Every cognitive bias is there for a reason — usually to save our brains time or energy. If you look at them by the problem they’re trying to solve, it becomes a lot easier to understand why they exist, how they’re useful, and the trade-offs (and resulting biases) that they introduce.”
Every week I send out articles I encounter from around the web. Subject matter ranges from hard knowledge about teaching to research about creativity and cognitive science to stories from other industries that, by analogy, inform what we do as educators. This breadth helps us see our work in new ways.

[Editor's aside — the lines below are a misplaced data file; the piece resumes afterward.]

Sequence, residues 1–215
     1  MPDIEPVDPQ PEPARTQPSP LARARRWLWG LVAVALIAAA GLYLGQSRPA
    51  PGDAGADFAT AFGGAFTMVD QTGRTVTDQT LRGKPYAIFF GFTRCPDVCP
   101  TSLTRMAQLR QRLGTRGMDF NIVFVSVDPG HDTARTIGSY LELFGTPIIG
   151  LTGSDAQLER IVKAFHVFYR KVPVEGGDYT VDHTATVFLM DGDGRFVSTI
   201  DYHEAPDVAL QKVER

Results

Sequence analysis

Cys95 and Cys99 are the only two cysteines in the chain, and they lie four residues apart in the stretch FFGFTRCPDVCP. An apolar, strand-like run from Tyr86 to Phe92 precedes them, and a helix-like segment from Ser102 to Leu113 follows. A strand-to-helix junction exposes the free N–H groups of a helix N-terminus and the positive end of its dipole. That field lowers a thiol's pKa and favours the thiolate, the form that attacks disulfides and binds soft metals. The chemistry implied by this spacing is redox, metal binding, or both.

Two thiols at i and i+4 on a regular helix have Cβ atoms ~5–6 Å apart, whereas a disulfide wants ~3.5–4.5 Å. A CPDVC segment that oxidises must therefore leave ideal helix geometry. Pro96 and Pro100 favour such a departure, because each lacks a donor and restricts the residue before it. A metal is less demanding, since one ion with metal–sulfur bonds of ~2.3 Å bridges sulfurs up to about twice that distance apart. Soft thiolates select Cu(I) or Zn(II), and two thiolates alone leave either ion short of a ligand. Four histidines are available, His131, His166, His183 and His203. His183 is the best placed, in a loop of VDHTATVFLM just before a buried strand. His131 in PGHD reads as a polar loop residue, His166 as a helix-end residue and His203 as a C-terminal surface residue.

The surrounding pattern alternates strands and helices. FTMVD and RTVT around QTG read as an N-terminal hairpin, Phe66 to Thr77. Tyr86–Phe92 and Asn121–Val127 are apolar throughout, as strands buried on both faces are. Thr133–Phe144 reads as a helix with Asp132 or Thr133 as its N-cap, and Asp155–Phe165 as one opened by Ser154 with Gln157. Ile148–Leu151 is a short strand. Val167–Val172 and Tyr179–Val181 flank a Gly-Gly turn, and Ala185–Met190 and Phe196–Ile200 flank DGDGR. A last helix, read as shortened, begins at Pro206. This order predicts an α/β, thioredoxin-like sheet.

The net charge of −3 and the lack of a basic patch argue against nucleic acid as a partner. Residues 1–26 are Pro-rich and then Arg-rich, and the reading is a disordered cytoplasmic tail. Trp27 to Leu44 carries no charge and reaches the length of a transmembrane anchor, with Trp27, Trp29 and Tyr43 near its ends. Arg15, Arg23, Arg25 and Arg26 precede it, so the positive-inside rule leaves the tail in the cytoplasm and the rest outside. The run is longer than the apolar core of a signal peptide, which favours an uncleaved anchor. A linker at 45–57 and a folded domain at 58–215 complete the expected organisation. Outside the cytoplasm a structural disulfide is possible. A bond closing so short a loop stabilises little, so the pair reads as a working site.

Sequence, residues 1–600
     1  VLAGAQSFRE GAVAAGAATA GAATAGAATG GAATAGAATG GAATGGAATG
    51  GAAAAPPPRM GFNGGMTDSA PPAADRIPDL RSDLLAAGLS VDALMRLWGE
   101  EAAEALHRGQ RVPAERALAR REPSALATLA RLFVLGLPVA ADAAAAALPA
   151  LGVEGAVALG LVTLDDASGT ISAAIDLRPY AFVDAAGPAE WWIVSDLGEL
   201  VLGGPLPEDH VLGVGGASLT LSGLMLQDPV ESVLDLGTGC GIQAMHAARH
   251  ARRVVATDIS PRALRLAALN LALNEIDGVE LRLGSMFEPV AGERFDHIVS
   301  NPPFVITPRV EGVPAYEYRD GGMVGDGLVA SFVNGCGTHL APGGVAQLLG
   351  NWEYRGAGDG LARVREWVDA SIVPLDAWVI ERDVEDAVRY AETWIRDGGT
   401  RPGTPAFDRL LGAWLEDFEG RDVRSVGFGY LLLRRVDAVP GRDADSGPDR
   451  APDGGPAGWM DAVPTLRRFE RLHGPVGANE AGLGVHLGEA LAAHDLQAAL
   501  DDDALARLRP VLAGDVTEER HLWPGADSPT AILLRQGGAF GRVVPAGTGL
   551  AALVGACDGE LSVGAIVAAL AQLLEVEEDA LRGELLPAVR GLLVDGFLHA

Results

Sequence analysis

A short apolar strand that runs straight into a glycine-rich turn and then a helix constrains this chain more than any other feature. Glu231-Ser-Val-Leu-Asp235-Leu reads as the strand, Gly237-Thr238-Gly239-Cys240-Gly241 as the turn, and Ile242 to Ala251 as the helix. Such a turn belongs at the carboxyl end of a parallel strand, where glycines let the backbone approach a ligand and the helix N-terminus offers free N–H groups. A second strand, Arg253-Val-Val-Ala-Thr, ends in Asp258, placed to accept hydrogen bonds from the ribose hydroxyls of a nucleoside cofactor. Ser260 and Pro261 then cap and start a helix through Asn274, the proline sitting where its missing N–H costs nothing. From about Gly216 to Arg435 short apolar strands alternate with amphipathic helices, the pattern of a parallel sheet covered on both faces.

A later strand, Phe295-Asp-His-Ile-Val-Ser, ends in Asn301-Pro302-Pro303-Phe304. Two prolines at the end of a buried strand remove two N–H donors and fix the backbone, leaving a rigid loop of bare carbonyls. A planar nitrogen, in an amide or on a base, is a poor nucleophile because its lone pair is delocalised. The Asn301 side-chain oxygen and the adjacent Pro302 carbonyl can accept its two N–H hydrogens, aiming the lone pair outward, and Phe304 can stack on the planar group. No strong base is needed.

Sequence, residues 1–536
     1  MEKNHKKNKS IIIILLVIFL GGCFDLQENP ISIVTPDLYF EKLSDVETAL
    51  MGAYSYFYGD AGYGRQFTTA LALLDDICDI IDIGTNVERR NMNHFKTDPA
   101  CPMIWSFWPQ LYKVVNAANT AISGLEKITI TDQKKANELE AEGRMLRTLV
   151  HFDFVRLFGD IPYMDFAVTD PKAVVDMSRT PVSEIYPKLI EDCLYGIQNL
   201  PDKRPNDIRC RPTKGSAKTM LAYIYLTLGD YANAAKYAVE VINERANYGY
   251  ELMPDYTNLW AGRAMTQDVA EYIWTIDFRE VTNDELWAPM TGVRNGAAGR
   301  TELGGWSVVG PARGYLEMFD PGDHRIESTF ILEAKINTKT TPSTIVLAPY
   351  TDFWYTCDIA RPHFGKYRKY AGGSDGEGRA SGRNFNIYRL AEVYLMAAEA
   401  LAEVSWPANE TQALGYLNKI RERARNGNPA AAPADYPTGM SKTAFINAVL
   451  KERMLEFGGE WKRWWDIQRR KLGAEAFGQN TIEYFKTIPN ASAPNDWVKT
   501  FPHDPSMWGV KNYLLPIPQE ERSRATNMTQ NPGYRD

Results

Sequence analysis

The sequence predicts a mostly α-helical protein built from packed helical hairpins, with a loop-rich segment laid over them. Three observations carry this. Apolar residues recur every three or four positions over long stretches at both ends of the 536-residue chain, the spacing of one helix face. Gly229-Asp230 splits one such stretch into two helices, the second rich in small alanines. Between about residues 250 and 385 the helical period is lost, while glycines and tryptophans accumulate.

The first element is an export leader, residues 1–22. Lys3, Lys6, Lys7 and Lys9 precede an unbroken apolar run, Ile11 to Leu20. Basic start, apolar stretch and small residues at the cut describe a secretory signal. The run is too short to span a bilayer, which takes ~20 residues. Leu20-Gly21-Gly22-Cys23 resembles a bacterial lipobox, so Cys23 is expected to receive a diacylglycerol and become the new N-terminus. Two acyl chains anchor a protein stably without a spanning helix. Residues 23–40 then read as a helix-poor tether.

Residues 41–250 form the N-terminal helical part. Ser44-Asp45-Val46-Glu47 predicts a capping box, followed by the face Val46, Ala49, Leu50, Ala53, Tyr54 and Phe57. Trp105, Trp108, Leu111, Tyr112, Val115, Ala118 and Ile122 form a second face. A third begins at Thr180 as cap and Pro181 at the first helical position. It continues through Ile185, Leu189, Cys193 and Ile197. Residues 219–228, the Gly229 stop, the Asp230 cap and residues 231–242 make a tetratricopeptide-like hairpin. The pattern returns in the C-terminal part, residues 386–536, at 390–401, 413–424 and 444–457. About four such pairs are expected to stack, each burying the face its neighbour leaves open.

Readers include teachers, school leaders, university overseers, conference organizers, think tank workers, startup founders, nonprofit leaders, and people who are simply interested in what’s happening in education. They say it helps them keep tabs on what matters most in the conversation surrounding schools, teaching, learning, and more.
– Peter Nilsson